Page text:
Each data set is associated with a specific paper. Users can view and download all related return series at once, or select a subset of series as an Excel file.
All return series are from hypothetical portfolios from academic articles (or working papers) by researchers associated with AQR. Some series are returns of long-only portfolios in excess of the U.S. one-month Treasury bill rate, while others are differences in returns or return premia of long/short factor portfolios.
The granularity for each simulated return series varies in accordance with the research effort with which it is associated. We link each data set to a specific paper which makes it clear what portfolios and factors are represented by the data in each spreadsheet. In some cases, the simulated returns are more specific (e.g., long/short equity within U.S. stocks) or more coarse (e.g., long/short quality in stocks, globally). Additionally, simulated returns are provided monthly and, in some cases, daily returns are also available.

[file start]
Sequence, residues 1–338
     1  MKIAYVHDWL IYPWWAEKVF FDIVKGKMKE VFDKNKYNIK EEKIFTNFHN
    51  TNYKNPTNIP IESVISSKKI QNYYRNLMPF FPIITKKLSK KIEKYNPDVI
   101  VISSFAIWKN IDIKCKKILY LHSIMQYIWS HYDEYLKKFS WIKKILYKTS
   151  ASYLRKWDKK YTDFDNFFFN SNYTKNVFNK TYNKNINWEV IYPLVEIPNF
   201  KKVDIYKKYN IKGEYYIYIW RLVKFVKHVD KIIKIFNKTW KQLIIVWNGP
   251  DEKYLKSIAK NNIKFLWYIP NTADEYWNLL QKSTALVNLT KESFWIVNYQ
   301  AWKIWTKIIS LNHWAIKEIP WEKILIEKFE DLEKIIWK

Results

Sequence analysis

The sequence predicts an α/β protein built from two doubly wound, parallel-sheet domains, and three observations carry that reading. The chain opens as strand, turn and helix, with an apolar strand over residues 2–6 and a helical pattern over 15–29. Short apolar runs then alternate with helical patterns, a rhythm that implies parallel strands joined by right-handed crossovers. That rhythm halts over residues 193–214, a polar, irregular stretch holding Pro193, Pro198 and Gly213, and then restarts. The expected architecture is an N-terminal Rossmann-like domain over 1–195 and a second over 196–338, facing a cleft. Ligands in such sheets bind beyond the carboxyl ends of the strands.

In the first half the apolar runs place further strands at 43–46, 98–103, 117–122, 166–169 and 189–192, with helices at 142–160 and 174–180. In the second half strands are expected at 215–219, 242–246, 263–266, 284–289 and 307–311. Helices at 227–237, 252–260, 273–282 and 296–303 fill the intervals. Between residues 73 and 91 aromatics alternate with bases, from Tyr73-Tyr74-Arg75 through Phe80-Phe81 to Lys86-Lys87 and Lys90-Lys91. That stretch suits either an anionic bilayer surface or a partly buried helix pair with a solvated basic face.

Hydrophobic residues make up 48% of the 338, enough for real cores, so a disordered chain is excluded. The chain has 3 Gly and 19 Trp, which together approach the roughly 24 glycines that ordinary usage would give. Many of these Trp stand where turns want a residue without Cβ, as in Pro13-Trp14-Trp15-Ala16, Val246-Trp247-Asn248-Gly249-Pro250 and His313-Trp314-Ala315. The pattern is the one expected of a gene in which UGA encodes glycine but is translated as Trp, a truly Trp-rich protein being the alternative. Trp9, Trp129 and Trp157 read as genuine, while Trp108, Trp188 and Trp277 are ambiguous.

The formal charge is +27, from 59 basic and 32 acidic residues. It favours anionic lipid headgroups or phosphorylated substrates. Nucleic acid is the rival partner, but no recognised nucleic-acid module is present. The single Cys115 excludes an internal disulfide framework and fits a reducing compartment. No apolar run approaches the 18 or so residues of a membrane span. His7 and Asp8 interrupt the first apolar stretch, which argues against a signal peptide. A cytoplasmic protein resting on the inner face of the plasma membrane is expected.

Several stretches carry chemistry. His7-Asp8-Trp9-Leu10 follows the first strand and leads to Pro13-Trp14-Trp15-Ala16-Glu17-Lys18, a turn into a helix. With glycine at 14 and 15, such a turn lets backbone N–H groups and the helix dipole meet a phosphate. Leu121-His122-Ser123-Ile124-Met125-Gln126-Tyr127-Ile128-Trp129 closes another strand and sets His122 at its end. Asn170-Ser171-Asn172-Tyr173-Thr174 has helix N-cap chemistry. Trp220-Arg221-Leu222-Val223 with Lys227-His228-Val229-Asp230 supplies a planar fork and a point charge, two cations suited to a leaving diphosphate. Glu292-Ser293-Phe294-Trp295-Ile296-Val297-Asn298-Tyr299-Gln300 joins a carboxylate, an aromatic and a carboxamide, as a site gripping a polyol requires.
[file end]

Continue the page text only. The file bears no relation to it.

It is important for users of the AQR data sets to understand that all data sets provided contain the returns to portfolios described in the relevant papers, and not the live returns or backtests of AQR-specific portfolios, funds or products. (We ask users of the data set to please include the following citation: “AQR Capital Management, LLC.”)
For each article in most cases we provide two sets of data series:
We aim to update each data set monthly with a lag of about two months.
Finally, many of the files also contain additional global factors, such as those of Fama and French, which are constructed similarly to their original studies.
 The return series of the updated data sets are highly (but not perfectly) correlated with those used in the original studies, even over the same sample period. This is due to the data from the providers changing over time as well small discrepancies that occur. While we try to use the same design decisions, indicators, investment universes, and data sources as in the original work, small discrepancies are inevitable and certain design decisions are made so that we can update the data on an ongoing basis. Similarly, small discrepancies may occur in the “original” data sets provided along with each study.